The Amber Spyglass
The Amber Spyglass by Philip Pullman

My rating: 3 of 5 stars

Overall “Amber Spyglass” is a fitting but anticlimactic ending to the “His Dark Materials” series. If you’ve read the first two books and enjoyed them, you’ll probably find the third book worthwhile, but disappointing.

The theme of the third book is that an afterlife isn’t necessary for people to have comfort and to be motivated to improve the world that we live in. I think it’s actually pretty brilliant how Pullman takes all of his various plot lines and ties them back to this point. The more I think about it the more I realize how well the ideas of the book fit together into this cohesive message of hope that didn’t depend on an afterlife.

While I personally find my faith in an afterlife very comforting, I don’t begrudge comfort to those that need to find it another way. More importantly for me, I think that the tangential ideas of moving on after a tragedy and of making the world better in this life are things that are moving and meaningful to theist and atheists alike.

Pullman is actually pretty gentle with this message, building it slowly through multiple pieces, instead of throwing it in your face. Of the three books in this series, it’s definitely the second book that has the most potential to be offensive to Christians. If you were able to get through the second book without getting upset, then you won’t be troubled by this final book.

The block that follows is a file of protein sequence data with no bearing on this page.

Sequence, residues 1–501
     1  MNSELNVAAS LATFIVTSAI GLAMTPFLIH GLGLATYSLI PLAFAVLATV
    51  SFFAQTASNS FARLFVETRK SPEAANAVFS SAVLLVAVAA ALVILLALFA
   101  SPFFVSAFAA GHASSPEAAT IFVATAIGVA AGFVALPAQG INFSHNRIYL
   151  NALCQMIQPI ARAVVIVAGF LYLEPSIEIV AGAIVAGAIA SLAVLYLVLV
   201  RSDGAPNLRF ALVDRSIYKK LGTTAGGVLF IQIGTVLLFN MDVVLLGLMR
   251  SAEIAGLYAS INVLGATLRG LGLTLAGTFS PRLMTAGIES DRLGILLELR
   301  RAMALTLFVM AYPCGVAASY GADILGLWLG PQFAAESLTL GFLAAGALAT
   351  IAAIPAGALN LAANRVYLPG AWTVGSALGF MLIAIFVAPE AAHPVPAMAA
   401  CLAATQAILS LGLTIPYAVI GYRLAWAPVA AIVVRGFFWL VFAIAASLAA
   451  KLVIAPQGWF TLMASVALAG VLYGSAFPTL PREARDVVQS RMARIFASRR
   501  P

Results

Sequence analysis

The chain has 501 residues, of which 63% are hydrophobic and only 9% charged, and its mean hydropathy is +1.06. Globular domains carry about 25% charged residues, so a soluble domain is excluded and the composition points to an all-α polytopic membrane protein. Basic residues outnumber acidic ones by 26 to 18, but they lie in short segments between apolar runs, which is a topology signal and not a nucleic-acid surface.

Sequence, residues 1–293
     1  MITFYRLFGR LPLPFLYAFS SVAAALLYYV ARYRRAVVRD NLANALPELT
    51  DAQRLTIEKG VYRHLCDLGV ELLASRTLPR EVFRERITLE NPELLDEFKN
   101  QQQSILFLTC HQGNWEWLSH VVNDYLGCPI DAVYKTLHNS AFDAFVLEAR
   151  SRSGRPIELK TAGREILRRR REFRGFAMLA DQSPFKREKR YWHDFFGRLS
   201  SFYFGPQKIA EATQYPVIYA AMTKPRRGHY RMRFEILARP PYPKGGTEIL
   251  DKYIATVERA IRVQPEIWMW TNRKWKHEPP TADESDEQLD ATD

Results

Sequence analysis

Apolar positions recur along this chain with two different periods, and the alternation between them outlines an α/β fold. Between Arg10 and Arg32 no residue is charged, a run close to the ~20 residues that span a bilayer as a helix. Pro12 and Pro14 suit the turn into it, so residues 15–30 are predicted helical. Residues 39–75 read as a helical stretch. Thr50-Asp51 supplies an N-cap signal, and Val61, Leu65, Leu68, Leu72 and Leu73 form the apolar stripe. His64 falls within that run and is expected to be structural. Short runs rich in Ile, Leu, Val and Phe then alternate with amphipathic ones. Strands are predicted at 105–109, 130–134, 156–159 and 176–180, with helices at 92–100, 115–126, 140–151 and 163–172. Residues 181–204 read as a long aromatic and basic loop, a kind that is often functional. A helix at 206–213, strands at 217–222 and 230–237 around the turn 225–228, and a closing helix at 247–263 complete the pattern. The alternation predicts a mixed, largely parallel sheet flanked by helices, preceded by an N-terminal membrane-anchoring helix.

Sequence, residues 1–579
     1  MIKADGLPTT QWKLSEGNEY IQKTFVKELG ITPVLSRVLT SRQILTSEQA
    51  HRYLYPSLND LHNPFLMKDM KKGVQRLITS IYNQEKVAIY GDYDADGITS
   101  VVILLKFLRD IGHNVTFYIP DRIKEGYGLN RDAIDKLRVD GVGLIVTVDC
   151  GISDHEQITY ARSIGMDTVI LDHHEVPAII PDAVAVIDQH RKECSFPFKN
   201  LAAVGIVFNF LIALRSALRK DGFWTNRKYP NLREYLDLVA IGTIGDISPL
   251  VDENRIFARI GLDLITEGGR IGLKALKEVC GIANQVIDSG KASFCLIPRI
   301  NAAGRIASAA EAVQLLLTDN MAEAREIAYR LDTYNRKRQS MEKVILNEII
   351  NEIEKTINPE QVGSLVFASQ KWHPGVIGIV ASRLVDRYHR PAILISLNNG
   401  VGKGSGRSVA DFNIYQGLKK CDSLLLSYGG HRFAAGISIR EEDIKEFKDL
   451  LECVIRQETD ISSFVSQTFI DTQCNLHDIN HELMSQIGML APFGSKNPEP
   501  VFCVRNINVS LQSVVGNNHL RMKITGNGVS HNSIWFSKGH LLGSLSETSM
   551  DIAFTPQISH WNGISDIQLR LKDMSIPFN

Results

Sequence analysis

While I don’t think you’ll need to worry about being offended by the book, you may need to worry about being bored.

As the story progresses more characters and fantasy worlds keep being introduced. The new characters and settings just aren’t as engaging as the originals, so there are long sections where I felt bored because I didn’t really care about what was going on in that section. Not only that, but the new worlds and characters are so varied that it starts feeling very incohesive, and to me the previous atmosphere of the setting gets lost in the circus of the new settings.

The pace is also much slower and more dragged out. There were multiple points in the book where I thought “ok, now the story’s resolved”, or “ok, this time it’s really over”, only to find that I wasn’t yet near the end. It was kind of hard to keep going when I felt like the conflict was over and there was nothing left to resolve.

In the end I’m glad to have read the whole thing because of how well all of the pieces fit together when it was done. I do wish it’d been as engaging and entertaining as his other books instead of being a chore to finish.

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